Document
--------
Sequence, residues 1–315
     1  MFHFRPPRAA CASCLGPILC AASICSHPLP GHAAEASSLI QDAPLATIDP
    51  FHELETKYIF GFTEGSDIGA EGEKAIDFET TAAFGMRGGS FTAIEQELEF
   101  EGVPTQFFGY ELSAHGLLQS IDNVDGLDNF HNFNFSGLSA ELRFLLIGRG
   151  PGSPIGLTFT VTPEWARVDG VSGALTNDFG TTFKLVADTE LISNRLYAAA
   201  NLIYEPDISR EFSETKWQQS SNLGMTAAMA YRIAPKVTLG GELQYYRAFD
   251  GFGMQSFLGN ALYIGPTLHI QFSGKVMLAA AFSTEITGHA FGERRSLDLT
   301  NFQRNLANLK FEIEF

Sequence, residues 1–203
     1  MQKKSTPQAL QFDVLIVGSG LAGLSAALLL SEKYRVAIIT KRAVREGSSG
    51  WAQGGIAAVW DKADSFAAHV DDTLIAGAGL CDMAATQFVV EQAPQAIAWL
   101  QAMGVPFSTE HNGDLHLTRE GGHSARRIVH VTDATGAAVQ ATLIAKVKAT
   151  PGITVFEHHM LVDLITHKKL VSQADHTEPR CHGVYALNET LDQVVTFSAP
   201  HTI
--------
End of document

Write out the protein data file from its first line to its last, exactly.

Sequence, residues 1–315
     1  MFHFRPPRAA CASCLGPILC AASICSHPLP GHAAEASSLI QDAPLATIDP
    51  FHELETKYIF GFTEGSDIGA EGEKAIDFET TAAFGMRGGS FTAIEQELEF
   101  EGVPTQFFGY ELSAHGLLQS IDNVDGLDNF HNFNFSGLSA ELRFLLIGRG
   151  PGSPIGLTFT VTPEWARVDG VSGALTNDFG TTFKLVADTE LISNRLYAAA
   201  NLIYEPDISR EFSETKWQQS SNLGMTAAMA YRIAPKVTLG GELQYYRAFD
   251  GFGMQSFLGN ALYIGPTLHI QFSGKVMLAA AFSTEITGHA FGERRSLDLT
   301  NFQRNLANLK FEIEF

Sequence, residues 1–203
     1  MQKKSTPQAL QFDVLIVGSG LAGLSAALLL SEKYRVAIIT KRAVREGSSG
    51  WAQGGIAAVW DKADSFAAHV DDTLIAGAGL CDMAATQFVV EQAPQAIAWL
   101  QAMGVPFSTE HNGDLHLTRE GGHSARRIVH VTDATGAAVQ ATLIAKVKAT
   151  PGITVFEHHM LVDLITHKKL VSQADHTEPR CHGVYALNET LDQVVTFSAP
   201  HTI